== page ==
Pink balloons, lit devotional candles and stuffed animals have filled a make-shift shrine at the entrance to 720 Hunts Point Ave., in honor of the two babies who were severely burned and killed by steam from the radiator in their bedroom on Wednesday afternoon. Copies of smiling baby pictures of 1-year-old Scylee Vayoh Ambrose and 2-year-old Ibanez Ambrose were pasted to the building.
Neighbors and strangers gathered at the building when they heard the news, and then held an impromptu vigil yesterday afternoon led with a prayer from Sandra DeJesus, the parents association president at PS 48. Jose Rodriguez, who works at the Hunts Point Warehouse, stood with a sullen look in front of the shrine, staring, he said, in disbelief.
“It hits you hard, even if you’re not from the neighborhood,” said Rodriguez. “It shouldn’t have to be this way. Two young girls shouldn’t have to die like this.”
Peter and Danielle Ambrose — the parents of the two girls – have lived on the first floor of the building for about a year and two months, according to neighbors. Majora Carter, the founder of StartUp Box and the Birch Coffee franchise on Hunts Point Avenue, said the family had just bought a car and wanted to move to Florida. On occasion, they would visit the coffee shop, and had mentioned that they were originally from Maine.
Elizabeth Irish – the sister of Peter Ambrose, has started a GoFundMe page to help the family. The hope is to raise $10,000, and DeJesus urged residents to donate if they can.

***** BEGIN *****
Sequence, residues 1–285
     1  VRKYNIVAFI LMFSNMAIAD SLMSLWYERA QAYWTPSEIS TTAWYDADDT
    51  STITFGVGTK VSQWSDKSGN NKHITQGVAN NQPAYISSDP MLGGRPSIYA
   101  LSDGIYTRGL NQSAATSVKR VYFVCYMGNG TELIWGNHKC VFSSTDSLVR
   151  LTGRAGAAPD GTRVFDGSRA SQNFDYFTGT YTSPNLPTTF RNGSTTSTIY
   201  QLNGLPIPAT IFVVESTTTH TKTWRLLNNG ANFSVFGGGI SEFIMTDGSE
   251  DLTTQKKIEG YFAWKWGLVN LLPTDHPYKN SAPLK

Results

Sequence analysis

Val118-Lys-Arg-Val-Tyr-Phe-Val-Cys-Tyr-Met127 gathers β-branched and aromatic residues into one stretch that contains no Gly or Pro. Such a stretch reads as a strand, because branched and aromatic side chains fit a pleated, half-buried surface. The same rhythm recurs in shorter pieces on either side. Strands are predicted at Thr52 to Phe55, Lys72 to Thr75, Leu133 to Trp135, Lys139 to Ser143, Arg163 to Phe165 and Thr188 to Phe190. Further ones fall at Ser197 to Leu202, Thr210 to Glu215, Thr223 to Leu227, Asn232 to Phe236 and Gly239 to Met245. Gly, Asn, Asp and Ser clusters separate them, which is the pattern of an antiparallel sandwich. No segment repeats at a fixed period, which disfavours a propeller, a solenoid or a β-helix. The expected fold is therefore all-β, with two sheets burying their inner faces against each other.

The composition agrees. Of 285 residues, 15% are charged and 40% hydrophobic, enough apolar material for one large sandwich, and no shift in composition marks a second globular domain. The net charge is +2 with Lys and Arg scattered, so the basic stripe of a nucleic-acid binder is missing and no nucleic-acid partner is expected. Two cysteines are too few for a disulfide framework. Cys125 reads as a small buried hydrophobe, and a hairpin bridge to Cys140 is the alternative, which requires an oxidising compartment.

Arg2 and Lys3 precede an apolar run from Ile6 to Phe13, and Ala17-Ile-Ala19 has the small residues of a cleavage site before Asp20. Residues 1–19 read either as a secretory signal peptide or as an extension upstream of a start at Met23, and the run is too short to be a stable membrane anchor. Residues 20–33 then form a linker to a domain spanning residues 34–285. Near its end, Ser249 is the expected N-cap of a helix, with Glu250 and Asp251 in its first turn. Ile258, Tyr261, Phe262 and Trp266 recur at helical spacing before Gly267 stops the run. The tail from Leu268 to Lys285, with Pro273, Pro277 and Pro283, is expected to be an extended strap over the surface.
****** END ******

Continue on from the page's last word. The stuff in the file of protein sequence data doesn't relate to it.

“This is what we need more of – unity,” DeJesus said. “We need more unity in this Hunts Point neighborhood.”
Dwayne Barrett knew the family from the neighborhood, and walked over to the building to find out when the funerals would be. Barrett said he never saw the mother without her children.
“Wherever the mom went, the older daughter was right next to her,” Barrett said. “She literally had the little one on her chest.”
David Tyson, 24, a barista at Birch Coffee just down the street, said Danielle Ambrose would buy blueberry muffins and cut them into small pieces for her daughters.
“She was always nice with the kids,” Tyson said.
DeJesus, who also works at Carepoint Pharmacy, said she quickly became close with the toddlers’ mother, who purchased formula at the pharmacy.
“She came in practically every day,” Dejesus said. “I never knew she was in a shelter.”